Under the spotlight at the 2014 Geneva Summit for Human Rights and Democracy were the human rights records of a number of countries that will take their seats for the month-long HRC session, including China, Cuba, Russia, Saudi Arabia, Vietnam, Pakistan and Venezuela.
The presence of abusive regimes in the 47-member council has long frustrated democratic governments and human rights advocates, since they use their positions to block scrutiny of their own records while defending each other.
But since U.N. rules do not disqualify them from running, they often have no competition as regional groups put forward “closed slates” of candidates, and they typically win large majorities in secret ballot elections at the U.N. General Assembly.
China has been a member of the HRC ever since it was established in 2006, with the exception of last year when term limits obliged it to step down for 12 months. Late last year it was voted back onto the council for the next three years, obtaining 176 votes out of a possible 193.
“Take out your calculators,” said U.N. Watch executive director Hillel Neuer, who chaired the summit. “That means only 17 countries in the world did not vote for communist China.”
“If you assume that perhaps America, Canada, Australia were among those 17 you’re left with maybe 14, let’s say, European countries,” he continued.
Noting that the European Union has 28 members, Neuer said that meant at least 14 E.U. countries had voted for China to be a member of the U.N.’s primary human rights watchdog.
“This is disgraceful, and the E.U. needs to be held to account.”
Neuer said there will be no resolution introduced on China’s human rights record during the upcoming HRC session – “no-one’s even attempting one.”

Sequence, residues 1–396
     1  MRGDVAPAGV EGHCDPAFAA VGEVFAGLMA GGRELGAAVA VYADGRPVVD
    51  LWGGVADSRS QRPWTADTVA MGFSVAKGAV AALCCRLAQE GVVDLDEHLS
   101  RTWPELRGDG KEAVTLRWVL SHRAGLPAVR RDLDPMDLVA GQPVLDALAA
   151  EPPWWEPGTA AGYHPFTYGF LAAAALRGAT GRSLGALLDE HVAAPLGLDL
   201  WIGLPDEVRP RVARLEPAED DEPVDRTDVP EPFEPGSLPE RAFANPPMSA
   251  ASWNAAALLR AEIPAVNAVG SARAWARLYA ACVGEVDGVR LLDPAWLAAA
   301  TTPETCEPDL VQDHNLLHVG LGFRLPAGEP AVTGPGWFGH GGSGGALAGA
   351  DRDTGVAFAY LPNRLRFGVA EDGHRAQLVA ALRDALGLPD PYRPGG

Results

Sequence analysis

He recalled that when he asked a council diplomat whether a resolution on China would be introduced, “he literally started to laugh.”
Speakers at the Geneva Summit included China’s Chen Guangcheng, the self-taught lawyer and activist who was imprisoned and harassed for years after exposing hundreds of cases of forced sterilization and abortion by local officials enforcing Beijing’s controversial “one-child” policy.
Chen, who is blind, was able to leave China for the U.S. in 2012 after fleeing house arrest and taking shelter at the U.S. Embassy in Beijing.
“People who live in democracy and freedom don’t realize how important they are to them, but people who are oppressed understand that democracy and freedom are very important,” said Chen, who was honored with the summit’s annual “Courage” award.
Another speaker who drew attention to China’s record was Tenzin Dhardon Sharling, a Tibetan activist and a member of Tibet’s India-based parliament-in-exile.
“We must make sure China remains accountable for its actions,” Sharling told the event, noting that Beijing sits “proudly” on both the HRC and U.N. Security Council.
The summit heard from activists and victims of rights abuses who spoke on the situations in other HRC members – Russia, Saudi Arabia, Vietnam, Pakistan and Venezuela.
Situations in countries that are not currently members of the HRC also featured. They included Iran, Syria, Egypt, Mauritania and Cambodia.
“Freedom of religion, including the right to change one’s religion, is a God-given right of all people, including the Iranian people,” she said. “No human law should infringe upon that right.”
Naghmeh Abedini said her husband was behind bars for one reason only – “because he chose to put his faith and trust in Jesus Christ as savior.”
“Saeed is just one of many faces persecuted in Iran, our family is one of many suffering families,” she said.
“It’s been painful talking to families of other prisoners inside Iran, talking to their kids who don’t understand when they visit their father why they have to be torn away, why he’s behind prison walls because he believes differently.”